- Court: Oregon Court of Appeals
- Area(s) of Law: Criminal Law
- Date Filed: 05-13-2020
- Case #: A165842
- Judge(s)/Court Below: Aoyagi, J. for the Court; DeHoog, P.J.; & Egan, C.J.
- Full Text Opinion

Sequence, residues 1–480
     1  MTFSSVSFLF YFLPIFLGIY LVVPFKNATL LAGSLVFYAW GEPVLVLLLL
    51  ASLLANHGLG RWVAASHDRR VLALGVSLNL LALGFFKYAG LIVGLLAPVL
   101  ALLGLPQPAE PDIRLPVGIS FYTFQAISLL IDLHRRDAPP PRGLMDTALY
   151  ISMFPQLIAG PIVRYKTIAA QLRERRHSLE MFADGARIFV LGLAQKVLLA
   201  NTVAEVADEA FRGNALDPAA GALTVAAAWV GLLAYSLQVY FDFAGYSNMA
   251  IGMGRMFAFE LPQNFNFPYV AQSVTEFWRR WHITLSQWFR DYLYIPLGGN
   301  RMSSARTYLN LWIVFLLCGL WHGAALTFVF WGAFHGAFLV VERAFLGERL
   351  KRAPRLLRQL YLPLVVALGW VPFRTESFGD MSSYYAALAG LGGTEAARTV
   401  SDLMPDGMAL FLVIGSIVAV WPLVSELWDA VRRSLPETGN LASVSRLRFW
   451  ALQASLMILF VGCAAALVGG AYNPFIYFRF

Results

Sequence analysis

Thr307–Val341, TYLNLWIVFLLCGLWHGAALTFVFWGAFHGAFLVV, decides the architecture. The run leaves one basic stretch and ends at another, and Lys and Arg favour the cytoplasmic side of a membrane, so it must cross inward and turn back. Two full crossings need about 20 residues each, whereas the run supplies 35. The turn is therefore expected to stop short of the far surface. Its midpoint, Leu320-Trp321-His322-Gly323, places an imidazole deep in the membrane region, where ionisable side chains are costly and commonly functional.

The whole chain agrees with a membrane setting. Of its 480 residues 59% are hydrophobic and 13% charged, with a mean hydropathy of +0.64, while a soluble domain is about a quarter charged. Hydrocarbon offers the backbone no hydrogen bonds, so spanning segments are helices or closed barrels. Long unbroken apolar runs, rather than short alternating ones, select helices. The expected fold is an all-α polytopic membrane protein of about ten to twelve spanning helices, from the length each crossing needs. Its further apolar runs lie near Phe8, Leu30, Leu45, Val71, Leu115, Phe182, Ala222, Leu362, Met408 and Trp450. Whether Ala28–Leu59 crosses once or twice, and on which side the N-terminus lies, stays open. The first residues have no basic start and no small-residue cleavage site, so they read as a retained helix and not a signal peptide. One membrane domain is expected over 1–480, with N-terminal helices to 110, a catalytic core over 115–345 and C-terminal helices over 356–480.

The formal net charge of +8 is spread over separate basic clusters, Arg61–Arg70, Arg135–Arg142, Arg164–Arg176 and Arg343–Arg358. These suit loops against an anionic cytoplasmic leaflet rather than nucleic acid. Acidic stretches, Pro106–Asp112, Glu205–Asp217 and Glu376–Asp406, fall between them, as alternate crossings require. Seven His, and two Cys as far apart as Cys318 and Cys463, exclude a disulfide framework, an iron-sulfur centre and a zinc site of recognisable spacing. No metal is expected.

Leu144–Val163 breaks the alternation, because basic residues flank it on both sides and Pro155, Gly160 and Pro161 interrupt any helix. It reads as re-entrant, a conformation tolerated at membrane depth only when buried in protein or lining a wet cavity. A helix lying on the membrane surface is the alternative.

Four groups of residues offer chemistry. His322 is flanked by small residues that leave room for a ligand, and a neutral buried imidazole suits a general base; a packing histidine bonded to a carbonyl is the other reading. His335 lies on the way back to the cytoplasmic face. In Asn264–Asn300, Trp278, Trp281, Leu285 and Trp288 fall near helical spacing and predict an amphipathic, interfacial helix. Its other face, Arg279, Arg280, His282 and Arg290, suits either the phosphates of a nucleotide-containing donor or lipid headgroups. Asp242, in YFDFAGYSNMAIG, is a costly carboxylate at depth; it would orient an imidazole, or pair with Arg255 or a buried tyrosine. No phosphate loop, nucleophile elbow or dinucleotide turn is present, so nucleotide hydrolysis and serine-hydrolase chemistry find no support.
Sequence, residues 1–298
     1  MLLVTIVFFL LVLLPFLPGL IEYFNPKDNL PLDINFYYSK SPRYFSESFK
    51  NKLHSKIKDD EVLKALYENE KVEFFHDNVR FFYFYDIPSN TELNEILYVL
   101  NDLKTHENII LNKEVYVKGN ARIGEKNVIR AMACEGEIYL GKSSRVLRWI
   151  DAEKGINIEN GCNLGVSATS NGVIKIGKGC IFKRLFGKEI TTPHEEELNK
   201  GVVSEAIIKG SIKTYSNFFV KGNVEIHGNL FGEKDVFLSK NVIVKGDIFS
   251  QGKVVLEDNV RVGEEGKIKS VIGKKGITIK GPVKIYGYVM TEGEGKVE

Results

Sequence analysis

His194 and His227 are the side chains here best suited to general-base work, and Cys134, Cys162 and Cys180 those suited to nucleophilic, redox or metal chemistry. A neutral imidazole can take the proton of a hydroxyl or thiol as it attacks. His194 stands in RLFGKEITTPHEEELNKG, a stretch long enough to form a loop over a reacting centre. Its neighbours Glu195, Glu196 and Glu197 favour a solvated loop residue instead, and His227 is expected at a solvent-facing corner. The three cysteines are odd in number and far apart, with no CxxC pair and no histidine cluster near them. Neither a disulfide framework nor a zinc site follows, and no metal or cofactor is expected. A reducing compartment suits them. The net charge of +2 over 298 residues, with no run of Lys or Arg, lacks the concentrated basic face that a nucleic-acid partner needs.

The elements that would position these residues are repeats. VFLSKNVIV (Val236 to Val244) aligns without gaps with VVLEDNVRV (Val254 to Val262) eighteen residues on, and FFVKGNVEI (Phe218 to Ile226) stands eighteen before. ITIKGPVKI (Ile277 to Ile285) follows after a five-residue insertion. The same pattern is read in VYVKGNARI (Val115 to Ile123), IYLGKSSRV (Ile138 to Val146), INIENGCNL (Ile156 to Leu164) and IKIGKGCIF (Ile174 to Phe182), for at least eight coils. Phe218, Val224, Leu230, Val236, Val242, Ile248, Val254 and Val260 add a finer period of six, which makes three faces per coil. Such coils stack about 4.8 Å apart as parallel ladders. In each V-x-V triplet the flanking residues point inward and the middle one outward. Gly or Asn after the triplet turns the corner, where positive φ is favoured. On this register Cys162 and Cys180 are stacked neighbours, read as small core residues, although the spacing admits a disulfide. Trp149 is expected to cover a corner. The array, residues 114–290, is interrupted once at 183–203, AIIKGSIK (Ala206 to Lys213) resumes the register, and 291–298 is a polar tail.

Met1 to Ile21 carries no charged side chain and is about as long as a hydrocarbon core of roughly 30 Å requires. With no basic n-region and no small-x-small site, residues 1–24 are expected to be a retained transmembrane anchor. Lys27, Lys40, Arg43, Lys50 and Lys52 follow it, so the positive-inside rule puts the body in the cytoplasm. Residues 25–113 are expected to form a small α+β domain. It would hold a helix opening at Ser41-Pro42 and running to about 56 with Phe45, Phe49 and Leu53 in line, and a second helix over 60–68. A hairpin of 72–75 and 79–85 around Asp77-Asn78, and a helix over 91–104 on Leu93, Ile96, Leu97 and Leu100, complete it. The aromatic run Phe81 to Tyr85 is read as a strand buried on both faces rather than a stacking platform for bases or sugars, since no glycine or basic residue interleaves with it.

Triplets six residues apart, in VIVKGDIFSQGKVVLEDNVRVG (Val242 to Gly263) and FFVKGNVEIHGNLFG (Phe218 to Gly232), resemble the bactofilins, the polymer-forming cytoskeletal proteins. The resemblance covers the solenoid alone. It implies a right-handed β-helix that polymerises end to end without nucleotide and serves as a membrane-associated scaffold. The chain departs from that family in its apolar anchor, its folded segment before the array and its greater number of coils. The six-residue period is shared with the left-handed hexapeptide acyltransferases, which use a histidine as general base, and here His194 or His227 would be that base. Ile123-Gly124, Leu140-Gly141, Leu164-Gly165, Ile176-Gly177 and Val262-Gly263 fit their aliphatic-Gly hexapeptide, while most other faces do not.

Defendant appealed a conviction involving domestic violence. Defendant challenged the trial court’s (1) denial of a motion to suppress evidence found in his bedroom, (2) admission of evidence concerning prior acts of domestic violence, and (3) the denial of a motion for acquittal of two counts of unlawful use of a weapon (UUW). On appeal, Defendant argues the trial court erred in its denial of his motion to suppress because the Defendant’s current intimate partner, A, lacked requisite authority to consent to the search. The authority of third-party consent to a search “rests . . . on mutual use of the property by persons, generally having joint access or control for most purposes . . . it is reasonable to recognize that any of the coinhabitants has the right to permit the inspection[.]” State v. Jenkins, 179 Or App 92, 101, 39 P3d 868 (2002). The Court reasons that it is common authority, not legal ownership, that provides the authority to consent to a search. Therefore, A, established common authority because A lived in the house and shared the bedroom with Defendant for six years. The Court concluded it was harmless error in admitting evidence of Defendant’s history of domestic violence in light of more formidable evidence showing Defendant’s tendency to perpetrate domestic violence against A. Finally, the Court determined that the trial court erred in denying Defendant’s motion for judgment of acquittal because the Defendant was entitled to such a judgment given a lack of evidence surrounding the UUW charges. Convictions for UUW reversed; remanded for resentencing; otherwise affirmed.